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Business as usual for Rackheath plans

PUBLISHED: 07:30 26 May 2010 | UPDATED: 16:48 01 July 2010

The village sign in Rackheath, Norfolk, where the government has given the go ahead for a new eco town.

The village sign in Rackheath, Norfolk, where the government has given the go ahead for a new eco town.

Kim Briscoe

It is "business as usual" with regard to Rackheath's planned eco-town, despite uncertainty over its future under a new government.

It is “business as usual” with regard to Rackheath's planned eco-town, despite uncertainty over its future under a new government.

That was the update from the council and developers working on the eco-town scheme, which will see more than 4,000 homes built in the area between Rackheath and Salhouse.

Phil Kirby, Broadland's chief planner, said: “We are waiting for confirmation from the coalition government in respect of the eco-town programme.

“We have been speaking to people in the Department of Communities and Local Government and they haven't indicated that it is anything other than business as usual for the time being.”

Mr Kirby said as early meeting had been requested with the new minister Grant Shapps so that a case could be made for the programme to continue.

This week Broadland District Council agreed to invite outside consultants to bid to carry out the professional planning function for the anticipated planning application for the 'exemplar' development of the Rackheath eco-community, which will feature 200 homes.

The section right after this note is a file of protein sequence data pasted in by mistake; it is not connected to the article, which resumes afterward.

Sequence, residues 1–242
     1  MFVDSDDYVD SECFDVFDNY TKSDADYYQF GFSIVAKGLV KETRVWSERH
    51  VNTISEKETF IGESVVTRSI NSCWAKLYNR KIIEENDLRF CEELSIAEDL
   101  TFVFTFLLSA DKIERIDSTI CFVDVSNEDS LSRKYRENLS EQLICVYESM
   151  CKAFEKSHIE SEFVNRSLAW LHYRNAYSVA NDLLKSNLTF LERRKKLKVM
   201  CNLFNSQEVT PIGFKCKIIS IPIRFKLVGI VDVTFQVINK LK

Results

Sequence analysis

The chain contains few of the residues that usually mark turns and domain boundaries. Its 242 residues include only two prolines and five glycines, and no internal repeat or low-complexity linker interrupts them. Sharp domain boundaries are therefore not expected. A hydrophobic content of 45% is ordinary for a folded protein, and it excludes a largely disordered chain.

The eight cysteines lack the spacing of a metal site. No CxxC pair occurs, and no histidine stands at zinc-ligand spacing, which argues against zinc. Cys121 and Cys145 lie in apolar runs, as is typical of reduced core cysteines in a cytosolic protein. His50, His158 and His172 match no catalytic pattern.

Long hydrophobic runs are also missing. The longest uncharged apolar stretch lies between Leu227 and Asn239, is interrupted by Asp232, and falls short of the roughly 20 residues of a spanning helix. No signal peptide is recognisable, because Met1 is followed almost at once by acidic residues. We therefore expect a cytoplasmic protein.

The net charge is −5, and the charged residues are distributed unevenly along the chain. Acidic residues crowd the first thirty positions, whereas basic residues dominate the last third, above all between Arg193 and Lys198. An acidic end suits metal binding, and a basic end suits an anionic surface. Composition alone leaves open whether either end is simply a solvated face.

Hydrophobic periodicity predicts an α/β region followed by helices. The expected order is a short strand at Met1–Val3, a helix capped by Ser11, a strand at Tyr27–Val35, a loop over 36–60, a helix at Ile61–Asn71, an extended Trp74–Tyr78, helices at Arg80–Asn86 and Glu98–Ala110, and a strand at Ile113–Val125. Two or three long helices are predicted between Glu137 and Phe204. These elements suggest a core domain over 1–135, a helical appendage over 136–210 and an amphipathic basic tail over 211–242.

While the council's officers are capable of carrying out this work themselves, members of the council's cabinet agreed that to ensure the application will not be prejudiced it would be better to tender for outside and independent planners to do the work.

Andrew Proctor, deputy leader of the council and portfolio holder for planning policy and conservation, said: “We don't have to use consultants, but we should.”

It is proposed the cost of any consultants should be met by using the Rackheath Eco-Coimmunity Growth Fund.

The council is also looking to work with the Building Research Establishment Trust (BRE) as a strategic partner in delivering the first 'exemplar' phase of the eco-community and low carbon sustainable development across the community.

While this approach needs £100,000 to fund the BRE Trust work, finance portfolio holder Alan Mallett said this can be used from the Rackheath Eco-Community Growth Fund so the cost would not impact directly upon Broadland council tax payers.

Do you have a story for the Evening News? Contact reporter Kim Briscoe on 01603 772419 or email kim.briscoe@archant.co.uk.

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